If you’ve suspected lately that your family’s mobile-phone bill is driven entirely by your 15-year-old, you are probably right. A recent Nielsen report shows that children ages 13 to 17 average an astonishing 3,417 text messages a month — some 45 percent of all text messages. This breaks down to seven texts “every waking hour,” or roughly one every 8 1/2 minutes.
But those who look at this data and worry that young people are over-texting may be asking the wrong question. The more pertinent concern may be not the amount but the function. Many observers argue that the social world of teenagers and even young adults is nowadays largely constituted by text messaging.
Maybe so. Certainly a principal reason cited by many teens for their use of texting is that it is fun. In some surveys, young people reported that they prefer texting to conversation. And “prefer” may be too weak a word. Many young people, when not allowed to text, become anxious and jittery.
In recent years, there has been no shortage of reports on television about researchers who say they have found teens addicted to their mobile phones. Perhaps a better way to view the data is as an illustration of how mobile phones in general, and texting in particular, have taken over the experiential world of the young. An economist might expect that teens deprived of texting would simply substitute another method of communication — talking, for instance. As it turns out, a significant minority will not. They will behave instead, researchers report, the way people do when deprive d of human contact.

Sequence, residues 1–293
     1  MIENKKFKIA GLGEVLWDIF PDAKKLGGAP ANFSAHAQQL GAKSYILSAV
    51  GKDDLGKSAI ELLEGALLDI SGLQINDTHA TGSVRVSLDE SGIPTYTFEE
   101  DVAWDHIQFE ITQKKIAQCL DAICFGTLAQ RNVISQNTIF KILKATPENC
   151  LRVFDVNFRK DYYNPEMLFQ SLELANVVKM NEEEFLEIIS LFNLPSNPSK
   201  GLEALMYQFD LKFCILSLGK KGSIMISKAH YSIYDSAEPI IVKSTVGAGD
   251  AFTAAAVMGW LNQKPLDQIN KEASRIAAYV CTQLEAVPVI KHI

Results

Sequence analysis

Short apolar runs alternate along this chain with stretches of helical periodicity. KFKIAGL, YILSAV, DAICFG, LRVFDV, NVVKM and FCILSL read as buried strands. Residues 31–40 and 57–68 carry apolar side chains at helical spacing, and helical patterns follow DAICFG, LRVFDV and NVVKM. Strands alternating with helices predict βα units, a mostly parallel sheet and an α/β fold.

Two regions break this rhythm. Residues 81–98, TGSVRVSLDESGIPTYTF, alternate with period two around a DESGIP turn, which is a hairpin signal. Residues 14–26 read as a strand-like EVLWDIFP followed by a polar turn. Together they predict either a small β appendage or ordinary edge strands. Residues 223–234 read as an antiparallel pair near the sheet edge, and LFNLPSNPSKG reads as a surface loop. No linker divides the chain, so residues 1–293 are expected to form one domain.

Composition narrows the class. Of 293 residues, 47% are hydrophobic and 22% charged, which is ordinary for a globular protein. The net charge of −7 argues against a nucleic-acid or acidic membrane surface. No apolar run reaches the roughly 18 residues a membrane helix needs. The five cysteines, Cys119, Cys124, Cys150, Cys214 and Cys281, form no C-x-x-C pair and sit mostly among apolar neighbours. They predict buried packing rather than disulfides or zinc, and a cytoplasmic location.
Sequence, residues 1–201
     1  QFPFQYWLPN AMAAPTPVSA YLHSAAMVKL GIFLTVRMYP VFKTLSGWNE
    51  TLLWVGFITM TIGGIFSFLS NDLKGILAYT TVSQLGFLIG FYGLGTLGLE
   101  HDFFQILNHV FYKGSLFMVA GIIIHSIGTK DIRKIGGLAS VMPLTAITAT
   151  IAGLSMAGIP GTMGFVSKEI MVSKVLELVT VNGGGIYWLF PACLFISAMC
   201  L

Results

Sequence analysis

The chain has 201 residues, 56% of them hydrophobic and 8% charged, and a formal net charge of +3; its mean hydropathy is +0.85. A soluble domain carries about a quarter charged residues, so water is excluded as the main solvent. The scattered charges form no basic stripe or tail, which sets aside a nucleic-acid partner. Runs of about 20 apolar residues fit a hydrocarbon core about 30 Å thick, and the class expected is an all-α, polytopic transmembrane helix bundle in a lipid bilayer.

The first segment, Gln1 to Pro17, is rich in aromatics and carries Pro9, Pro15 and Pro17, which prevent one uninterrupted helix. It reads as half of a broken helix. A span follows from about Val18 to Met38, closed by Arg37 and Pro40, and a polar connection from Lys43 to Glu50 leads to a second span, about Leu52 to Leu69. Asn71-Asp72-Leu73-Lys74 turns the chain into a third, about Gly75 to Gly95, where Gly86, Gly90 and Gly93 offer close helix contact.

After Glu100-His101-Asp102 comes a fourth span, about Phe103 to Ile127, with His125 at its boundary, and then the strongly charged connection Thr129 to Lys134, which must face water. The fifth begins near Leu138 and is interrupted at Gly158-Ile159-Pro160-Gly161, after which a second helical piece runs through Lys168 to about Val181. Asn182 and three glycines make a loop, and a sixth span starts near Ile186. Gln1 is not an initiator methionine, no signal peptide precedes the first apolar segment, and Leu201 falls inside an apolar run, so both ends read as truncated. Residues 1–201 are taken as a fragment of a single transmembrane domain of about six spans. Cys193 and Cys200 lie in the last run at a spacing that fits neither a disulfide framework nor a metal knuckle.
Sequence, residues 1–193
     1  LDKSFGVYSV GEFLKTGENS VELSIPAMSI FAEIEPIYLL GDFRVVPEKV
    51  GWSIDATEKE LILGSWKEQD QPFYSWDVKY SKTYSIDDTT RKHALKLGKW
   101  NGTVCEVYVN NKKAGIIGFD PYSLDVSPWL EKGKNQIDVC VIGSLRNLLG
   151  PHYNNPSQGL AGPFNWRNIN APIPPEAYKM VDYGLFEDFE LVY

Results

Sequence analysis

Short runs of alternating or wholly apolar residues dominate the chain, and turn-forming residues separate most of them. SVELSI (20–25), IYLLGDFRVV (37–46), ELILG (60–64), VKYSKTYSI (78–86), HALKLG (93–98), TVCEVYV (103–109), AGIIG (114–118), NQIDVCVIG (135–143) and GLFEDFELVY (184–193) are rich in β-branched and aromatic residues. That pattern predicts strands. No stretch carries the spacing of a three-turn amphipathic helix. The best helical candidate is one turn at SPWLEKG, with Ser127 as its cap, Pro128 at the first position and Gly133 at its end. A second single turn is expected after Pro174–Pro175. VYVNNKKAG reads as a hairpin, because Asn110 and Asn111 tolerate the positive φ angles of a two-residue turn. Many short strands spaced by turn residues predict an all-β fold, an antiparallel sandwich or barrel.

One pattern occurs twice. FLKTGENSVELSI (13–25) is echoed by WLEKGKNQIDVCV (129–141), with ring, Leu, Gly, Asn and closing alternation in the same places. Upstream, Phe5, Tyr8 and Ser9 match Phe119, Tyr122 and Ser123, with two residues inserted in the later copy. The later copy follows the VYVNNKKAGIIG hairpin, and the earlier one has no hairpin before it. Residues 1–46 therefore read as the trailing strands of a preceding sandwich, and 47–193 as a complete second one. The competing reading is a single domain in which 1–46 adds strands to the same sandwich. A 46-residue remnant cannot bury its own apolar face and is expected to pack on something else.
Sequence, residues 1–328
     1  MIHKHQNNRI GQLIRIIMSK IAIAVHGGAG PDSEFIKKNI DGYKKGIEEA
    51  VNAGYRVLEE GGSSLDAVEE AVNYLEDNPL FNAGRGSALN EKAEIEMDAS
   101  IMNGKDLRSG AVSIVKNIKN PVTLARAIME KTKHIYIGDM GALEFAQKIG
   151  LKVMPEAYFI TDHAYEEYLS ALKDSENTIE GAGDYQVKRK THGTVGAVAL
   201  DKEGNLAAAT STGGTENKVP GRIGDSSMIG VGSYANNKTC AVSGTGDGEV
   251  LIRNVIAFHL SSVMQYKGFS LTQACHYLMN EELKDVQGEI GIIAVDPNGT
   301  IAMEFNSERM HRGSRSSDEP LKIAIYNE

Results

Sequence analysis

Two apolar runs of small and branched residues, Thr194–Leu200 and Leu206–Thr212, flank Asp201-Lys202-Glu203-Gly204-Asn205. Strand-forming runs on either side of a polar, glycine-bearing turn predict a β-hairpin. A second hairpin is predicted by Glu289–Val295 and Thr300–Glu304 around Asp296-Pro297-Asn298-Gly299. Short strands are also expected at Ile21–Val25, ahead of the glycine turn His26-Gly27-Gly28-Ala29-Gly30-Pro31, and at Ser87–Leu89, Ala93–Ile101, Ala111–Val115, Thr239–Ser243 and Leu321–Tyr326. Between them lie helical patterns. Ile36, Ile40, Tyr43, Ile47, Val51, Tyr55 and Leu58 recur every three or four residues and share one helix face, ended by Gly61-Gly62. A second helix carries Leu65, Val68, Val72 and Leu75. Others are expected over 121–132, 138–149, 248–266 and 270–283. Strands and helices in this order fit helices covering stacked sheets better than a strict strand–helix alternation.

The phone, in other words, is not merely a tool through which teens keep in touch with friends. It is the technology that defines their social circle. If they cannot text someone, that person may as well not exist.
I’m not criticizing the technology itself. Like most people of all ages these days, I find texting far too convenient to ignore.
The trouble is that texting arose suddenly, not gradually: Originally included in mobile phones as a tool to enable service providers to spam their customers, it actually came to the United States later than most of the industrialized world. David Mercer, in his 2006 book “The Telephone: The Life Story of a Technology,” suggests that its popularity rose sharply when viewers were urged to text their votes for the winner on such television programs as “American Idol.”
This break from past practice was so radical that adults had no opportunity to work out from their own experience reasonable bounds for the young. And so the young freely created their own world, from which the old are largely excluded.
Fears of what young people might be like if left free to design the world have long been with us: Think “Lord of the Flies,” “A Clockwork Orange” or “Children of the Corn.” I don’t believe that over-texting will create dangerous psychopaths. But it might create something else.
Heavy texting has been linked to sleep deprivation among the young, evidently because they somehow feel compelled to respond, even in the middle of the night. Researchers have found correlations between texting and everything from illiteracy to overeating. A 2006 study by James Katz of Rutgers University, perhaps the leading academic expert on mobile-phone use, has found that young people have trouble giving up their phones, even for a short time. Most were unable to make it through a two-day experiment designed to discover what they would do without their phones.